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Sunday, 23 May 2010

Exhibitions of note

I've been to see two interesting exhibitions this week. The first, at Laing Art Gallery, was showing ukiyo or 'floating world' prints. Alongside the woodblock prints depicting life at that time were lacquerware boxes. I am fascinated by these beautiful, intricate and well made objects. There are numerous types of boxes for picnics, writing and incense etc. They all have a ceremonial quality and ritual aspect to them. I am currently researching this area for my ceramic work.

The second exhibition about the life and work of Edward Hughes was intriguing, in particular his training in Japan.

Please find details of the exhibitions below.

Japanese Wave at Laing Art Gallery, Newcastle

Under the Wave, off Kanagawa by Katsushika Hokusai

Under the Wave, off Kanagawa by Katsushika Hokusai

01 May - 05 Sep 2010

Highlights from Laing's collection of Japanese prints and artefacts will be on show in a new exhibition called Japanese Wave. It will be the first time many of the items have been on show to the public for almost a decade.

The exhibition focuses on Japanese imagery from the 19th century and includes depictions of geisha, Japanese theatre and landscape.

As well as iconic images such as printmaker Hokusai's Under the Wave, off Kanagawa, the exhibition includes many prints which give an insight into life in 19th century Japan. Images of geisha are on show as well as depictions of Kabuki theatre, alongside decorative artefacts reflecting the themes seen in the prints such as combs, mirrors and fans designed for use by fashionable Japanese ladies of the day.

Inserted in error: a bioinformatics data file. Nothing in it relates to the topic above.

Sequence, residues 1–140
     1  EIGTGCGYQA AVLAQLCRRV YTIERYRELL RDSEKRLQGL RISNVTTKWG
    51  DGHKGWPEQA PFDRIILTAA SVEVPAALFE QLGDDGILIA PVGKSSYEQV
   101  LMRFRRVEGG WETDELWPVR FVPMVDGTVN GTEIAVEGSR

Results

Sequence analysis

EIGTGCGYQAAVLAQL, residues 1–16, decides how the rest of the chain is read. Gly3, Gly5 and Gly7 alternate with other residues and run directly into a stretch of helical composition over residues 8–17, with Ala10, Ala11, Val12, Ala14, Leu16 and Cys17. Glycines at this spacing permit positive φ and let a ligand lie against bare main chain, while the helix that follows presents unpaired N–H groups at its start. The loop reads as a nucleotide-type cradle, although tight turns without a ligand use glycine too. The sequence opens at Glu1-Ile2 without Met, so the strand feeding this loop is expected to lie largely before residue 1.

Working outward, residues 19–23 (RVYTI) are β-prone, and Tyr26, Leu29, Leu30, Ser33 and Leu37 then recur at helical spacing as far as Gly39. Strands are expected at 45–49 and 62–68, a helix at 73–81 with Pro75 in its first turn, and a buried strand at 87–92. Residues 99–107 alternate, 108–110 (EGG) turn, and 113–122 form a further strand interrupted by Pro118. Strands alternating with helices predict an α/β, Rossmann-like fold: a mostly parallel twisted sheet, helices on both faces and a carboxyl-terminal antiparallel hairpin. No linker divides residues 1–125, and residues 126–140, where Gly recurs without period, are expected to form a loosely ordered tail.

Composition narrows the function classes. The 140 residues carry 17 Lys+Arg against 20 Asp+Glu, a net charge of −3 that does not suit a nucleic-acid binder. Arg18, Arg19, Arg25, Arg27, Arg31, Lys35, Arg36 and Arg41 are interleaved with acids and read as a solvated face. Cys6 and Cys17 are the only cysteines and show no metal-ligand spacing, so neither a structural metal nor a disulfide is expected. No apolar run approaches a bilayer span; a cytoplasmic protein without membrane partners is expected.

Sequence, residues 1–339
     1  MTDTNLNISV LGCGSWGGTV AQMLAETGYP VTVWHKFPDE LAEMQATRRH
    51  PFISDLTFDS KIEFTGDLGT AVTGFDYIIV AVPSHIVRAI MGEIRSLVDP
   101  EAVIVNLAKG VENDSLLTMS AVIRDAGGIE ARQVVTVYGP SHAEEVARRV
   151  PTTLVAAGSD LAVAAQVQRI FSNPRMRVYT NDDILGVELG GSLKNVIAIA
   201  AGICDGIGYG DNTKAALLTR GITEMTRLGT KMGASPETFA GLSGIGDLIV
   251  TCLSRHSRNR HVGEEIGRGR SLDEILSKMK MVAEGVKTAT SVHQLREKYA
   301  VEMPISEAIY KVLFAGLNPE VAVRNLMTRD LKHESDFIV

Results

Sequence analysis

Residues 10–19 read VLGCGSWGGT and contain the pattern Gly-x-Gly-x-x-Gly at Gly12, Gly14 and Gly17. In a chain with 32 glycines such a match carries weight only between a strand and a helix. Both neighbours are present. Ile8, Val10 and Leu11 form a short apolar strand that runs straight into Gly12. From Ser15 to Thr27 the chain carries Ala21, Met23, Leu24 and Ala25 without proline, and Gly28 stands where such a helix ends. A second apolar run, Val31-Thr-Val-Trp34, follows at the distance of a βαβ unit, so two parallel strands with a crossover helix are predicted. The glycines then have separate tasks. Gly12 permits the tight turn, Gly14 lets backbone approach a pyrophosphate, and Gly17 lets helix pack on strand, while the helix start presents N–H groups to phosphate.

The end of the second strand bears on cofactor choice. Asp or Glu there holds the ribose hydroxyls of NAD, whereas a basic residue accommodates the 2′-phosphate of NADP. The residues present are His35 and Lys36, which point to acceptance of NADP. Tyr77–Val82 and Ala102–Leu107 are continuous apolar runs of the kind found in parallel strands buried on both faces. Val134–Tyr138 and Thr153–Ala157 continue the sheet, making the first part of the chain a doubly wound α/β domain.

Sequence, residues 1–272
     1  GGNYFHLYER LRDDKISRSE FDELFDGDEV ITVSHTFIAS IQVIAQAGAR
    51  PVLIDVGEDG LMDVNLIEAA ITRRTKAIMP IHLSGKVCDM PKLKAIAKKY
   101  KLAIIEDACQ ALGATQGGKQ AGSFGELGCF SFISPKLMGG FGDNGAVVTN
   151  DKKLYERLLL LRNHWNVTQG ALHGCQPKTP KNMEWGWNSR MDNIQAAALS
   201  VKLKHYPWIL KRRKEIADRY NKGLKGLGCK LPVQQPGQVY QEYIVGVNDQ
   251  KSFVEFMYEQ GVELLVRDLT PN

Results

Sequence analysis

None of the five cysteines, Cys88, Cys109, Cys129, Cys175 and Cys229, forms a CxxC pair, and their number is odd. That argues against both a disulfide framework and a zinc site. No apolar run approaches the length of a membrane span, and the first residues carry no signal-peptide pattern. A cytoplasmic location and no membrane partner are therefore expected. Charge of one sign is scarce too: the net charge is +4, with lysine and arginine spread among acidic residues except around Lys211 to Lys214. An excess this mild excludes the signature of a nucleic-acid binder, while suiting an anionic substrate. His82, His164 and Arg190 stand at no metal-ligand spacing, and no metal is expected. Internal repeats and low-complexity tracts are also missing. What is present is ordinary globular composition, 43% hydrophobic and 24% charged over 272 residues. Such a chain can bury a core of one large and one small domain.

*** Excerpt taken from Laing Art Gallery's website.

A Japanese Passion: the pottery of Edward Hughes

8th March 2010 - 12th June 2010

MMU Special Collections Gallery
3rd floor, Sir Kenneth Green Library
All Saints

A Japanese Passion poster Edward Hughes (October 16, 1953 - March 31, 2006) was one of Britain's very finest potters. Sometimes called "one of studio pottery's best kept secrets" his work was extremely popular in Japan, his life's work was dedicated to making pots for others to use and he spoke about this with a passion.

This is a retrospective exhibition of Hughes' work and includes examples of his work from all periods, from his formative years when studying pottery through to the mature work made in his studios in Japan and Cumbria. The work shown shows his mastery of all aspects of the ceramicists art.

*** Excerpt taken from Manchester Metropolitan University's website.

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